Beginning in January 2011, requirements are in place for lenders to provide Risk Based Pricing notices to many consumers applying for new credit, as well as consumers that have been negatively impacted by changes in terms on their existing loans (such as increases in APR).
Due to the complexity of both the Credit Score Proxy and Tiered Pricing methods for determining which consumers must receive the new notices, many lenders have opted to send the Risk Based Pricing notices to all consumers that apply for loans rather than trying to calculate which individual consumers have technically received “materially less favorable” terms as noted in Section 311 of FACTA.
This may prompt many consumers to scrutinize their credit reports in respect to the accuracy of the data contained in their report. As if the barrage of “FreeCreditScore.com” and other score monitoring commercials wasn‟t enough to bump up disputes volumes, lenders can expect the new notices to direct more and more consumers to obtaining and carefully examining their credit reports. Additionally, with almost 10% of the U.S. in job search mode, and thanks to the now widespread practice of employment screening credit bureau pulls, it is expected that dispute numbers will increase even more.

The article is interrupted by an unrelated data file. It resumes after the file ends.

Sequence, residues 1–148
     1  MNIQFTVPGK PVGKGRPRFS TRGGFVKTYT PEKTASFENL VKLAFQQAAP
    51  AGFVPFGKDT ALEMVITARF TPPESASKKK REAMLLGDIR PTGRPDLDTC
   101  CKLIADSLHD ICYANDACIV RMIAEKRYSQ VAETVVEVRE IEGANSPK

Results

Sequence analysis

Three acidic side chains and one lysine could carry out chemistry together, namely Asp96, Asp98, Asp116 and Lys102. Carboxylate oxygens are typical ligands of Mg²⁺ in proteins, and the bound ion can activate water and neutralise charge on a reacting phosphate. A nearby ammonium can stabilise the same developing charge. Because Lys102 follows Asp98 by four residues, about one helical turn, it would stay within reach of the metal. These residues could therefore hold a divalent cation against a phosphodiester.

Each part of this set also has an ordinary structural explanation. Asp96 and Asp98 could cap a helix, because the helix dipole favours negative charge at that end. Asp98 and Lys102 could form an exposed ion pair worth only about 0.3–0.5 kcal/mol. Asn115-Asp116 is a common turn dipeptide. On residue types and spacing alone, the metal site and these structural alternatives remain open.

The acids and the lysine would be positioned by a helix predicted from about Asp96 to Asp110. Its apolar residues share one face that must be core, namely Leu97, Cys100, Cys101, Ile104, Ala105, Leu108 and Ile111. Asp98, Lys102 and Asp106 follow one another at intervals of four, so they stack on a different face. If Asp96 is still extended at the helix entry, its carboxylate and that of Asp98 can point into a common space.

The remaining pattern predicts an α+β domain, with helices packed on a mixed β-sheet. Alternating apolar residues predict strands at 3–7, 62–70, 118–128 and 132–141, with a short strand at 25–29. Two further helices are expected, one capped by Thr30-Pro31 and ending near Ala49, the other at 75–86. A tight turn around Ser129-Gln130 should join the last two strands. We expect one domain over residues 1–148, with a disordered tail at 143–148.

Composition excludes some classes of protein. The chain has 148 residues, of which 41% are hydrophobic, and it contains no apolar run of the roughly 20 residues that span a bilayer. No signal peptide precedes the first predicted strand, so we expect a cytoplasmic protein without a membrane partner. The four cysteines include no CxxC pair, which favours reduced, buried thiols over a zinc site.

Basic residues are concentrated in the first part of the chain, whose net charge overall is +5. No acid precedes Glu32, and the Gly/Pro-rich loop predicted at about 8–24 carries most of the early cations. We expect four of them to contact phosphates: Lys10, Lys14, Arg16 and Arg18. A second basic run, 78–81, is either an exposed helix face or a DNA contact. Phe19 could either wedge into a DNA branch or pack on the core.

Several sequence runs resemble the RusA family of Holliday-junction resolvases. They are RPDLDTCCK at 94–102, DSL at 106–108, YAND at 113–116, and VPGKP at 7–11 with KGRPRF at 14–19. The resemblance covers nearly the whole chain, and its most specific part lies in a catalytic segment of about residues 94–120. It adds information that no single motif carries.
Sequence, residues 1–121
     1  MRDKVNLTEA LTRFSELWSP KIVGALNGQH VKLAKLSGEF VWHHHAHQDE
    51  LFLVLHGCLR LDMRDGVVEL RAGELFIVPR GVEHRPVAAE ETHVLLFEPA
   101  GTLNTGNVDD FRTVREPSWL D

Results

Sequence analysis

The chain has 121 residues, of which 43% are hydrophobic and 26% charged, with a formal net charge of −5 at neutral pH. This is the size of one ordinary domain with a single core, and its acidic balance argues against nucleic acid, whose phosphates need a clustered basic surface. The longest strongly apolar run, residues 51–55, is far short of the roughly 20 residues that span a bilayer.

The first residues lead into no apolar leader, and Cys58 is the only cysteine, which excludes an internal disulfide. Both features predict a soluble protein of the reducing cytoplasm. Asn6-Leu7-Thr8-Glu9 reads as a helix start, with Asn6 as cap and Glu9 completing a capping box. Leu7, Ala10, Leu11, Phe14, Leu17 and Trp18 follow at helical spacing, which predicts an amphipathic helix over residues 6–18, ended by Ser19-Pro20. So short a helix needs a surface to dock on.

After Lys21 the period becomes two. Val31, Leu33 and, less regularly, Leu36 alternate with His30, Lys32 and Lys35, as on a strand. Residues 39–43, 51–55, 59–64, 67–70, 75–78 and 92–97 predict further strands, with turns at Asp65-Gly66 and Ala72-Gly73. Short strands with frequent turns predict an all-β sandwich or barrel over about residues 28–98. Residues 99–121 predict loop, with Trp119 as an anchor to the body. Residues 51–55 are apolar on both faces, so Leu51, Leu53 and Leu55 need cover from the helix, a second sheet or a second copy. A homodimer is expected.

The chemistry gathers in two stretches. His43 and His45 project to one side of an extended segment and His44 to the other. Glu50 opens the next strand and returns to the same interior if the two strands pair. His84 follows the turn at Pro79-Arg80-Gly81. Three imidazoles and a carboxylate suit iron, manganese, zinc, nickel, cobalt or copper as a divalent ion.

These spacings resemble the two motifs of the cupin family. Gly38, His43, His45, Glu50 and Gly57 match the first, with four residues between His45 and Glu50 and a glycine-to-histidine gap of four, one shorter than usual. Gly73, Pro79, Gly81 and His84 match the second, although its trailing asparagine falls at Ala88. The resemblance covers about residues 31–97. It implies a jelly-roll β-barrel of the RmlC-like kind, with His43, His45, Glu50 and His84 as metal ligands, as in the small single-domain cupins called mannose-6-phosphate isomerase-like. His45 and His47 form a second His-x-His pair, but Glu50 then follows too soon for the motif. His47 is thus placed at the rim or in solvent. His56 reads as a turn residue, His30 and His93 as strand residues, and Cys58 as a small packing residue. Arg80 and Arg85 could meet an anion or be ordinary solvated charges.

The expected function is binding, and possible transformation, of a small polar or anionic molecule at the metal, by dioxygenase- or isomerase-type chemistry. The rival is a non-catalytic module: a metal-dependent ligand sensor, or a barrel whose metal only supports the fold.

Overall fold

To read the full story click on the attachment: Troubling Times for Credit Bureaus in the USA
This article was provided courtesy of Jennifer Maisano is the President and CEO of Credit Bureau Strategy Consulting, LLC. For more information contact Jen at 410-208-6797, [email protected] or visit www.CBStrategyConsult.com